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Published on July 26th, 2010 | by Andrew Reynolds

Doctor Who Prom Reviews

Doctor Who PromsDrum roll please…the verdict for the Doctor Who Prom at this years BBC proms is…cymbal crash… Excellent.  Though while the spectacle was loved by children and similarly excited parents, some reviewers have scoff at the event calling it a “Pantomime.”

The Guardian while quick to praise any event that tries to foster a love of classical music in children accepted that the event was not about the music but about the brand.

“Gold’s themes, of course, are written as accompaniment, so no disservice was done them by having 5,000 or so people craning towards the screens, rather than gazing at the conductor, and the gasps of excitement as Silurians, Judoon, Cybermen and the Vampires of Venice patrolled among the prommers made plain that the main attraction of the evening was not the music, but the chance to feel part of an adored televisual institution.”

As well as showcasing Murray Gold’s excellent contribution to the show, the prom also threw in some recognisable classics such as surfer’s favourite Richard Wagners’ Die Walküre – The Ride of the Valkyries and John Adams Short Ride in a Fast Machine.

The evening was ably hosted by Karen Gillan with help from an in character Matt Smith, who received special praise in The Daily Telegraph.

“In the end, however, it was all about the Doctor – witness the rock-star welcome that greeted Matt Smith’s second-half appearance. Smith’s Doctor gave his customary manic performance, enlisting the help of a mini-me audience member in braces and bowtie to save the Albert Hall from a ‘wibbly-wobby, explodey-wodey thing’.”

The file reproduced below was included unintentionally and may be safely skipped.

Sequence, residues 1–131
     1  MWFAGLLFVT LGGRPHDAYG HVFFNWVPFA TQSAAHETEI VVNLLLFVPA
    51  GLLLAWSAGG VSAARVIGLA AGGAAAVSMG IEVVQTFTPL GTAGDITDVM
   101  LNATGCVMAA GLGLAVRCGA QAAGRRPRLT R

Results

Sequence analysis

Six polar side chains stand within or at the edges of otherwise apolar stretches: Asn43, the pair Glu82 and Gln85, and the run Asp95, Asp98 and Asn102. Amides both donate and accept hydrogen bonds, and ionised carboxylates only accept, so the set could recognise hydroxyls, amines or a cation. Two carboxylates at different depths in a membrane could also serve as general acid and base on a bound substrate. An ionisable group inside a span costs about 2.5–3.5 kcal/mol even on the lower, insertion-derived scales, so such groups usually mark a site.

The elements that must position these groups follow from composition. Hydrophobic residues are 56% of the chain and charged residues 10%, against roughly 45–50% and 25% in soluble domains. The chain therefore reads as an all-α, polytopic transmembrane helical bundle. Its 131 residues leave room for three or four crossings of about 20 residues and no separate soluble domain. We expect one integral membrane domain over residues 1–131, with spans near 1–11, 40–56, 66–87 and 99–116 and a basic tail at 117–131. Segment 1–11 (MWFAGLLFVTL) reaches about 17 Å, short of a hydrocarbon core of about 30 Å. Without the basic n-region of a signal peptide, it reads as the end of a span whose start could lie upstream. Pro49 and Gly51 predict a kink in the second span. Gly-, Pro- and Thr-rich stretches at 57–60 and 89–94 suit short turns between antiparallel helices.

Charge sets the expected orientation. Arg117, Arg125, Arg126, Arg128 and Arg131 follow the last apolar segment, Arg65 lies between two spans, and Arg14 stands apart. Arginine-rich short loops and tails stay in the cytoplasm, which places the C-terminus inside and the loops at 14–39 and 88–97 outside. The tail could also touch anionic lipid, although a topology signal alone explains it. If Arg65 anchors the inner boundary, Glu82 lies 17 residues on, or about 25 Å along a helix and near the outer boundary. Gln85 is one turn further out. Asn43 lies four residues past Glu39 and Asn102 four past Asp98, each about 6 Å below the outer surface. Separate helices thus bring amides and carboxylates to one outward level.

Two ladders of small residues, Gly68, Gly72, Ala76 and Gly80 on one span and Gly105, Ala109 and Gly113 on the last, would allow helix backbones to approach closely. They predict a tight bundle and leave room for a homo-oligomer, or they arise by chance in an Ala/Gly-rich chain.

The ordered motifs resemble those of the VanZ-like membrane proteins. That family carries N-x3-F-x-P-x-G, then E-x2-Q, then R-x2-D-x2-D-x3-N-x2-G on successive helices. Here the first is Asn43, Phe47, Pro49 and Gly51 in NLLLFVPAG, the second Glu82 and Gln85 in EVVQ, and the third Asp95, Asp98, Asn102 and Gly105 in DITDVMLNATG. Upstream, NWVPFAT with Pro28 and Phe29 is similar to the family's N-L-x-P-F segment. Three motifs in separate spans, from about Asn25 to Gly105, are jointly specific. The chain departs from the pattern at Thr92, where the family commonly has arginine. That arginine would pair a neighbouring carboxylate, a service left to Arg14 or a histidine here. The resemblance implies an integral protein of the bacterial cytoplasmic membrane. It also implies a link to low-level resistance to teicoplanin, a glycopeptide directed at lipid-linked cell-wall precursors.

Doctor Who Proms 2010The Prom also featured many of the Doctors greatest foes including an ‘Ironside’ Dalek who rose from a platform to offered the audience tea and biscuits before being told to ‘decend or be exterminated’ by a Persil-white Supreme Dalek who then bossed composer Ben Foster to play the Dalek’s theme.

The delectable Vampires (from Venice) enticed a man in the audience with a bewitching dance. While others such as the Silurians, Cybermen, Judoon  and the Weeping Angels all roamed the audience looking for the Doctor.

BBC News have a video showing clips from the concert and reaction from one particular family whose two boys denied they were scared of the Cybermen- they were (Incidentally, check out costumes worn by some fans in the background of this clip.)

The two hour show featured the London Philharmonic Choir, the BBC National Orchestra of Wales, Singers Yamit Mamo (Doctor Who, Death at a Funeral)  and Mark Chambers (Singing voice of the Ood,  The Hitchhikers Guide to the Galaxy) and Composers Ben Foster (Doctor Who, Nine) and Grant Llewellyn (BBC Symphony Orchestra, BBC National Orchestra of Wales)

A recording done for BBC Radio 3  is available in two parts on the iPlayer until the 1st August while the event itself will be broadcast on BBC Three next month.

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Everyone has a favourite Doctor and mine - just for his honesty, his fairness and his ability to not notice the Master's awful, awful disguises/anagrams (Sir Gilles Estram!?!) - has to be the Fifth Doctor, Peter Davison. The stories didn’t serve him as well as his acting served those stories.




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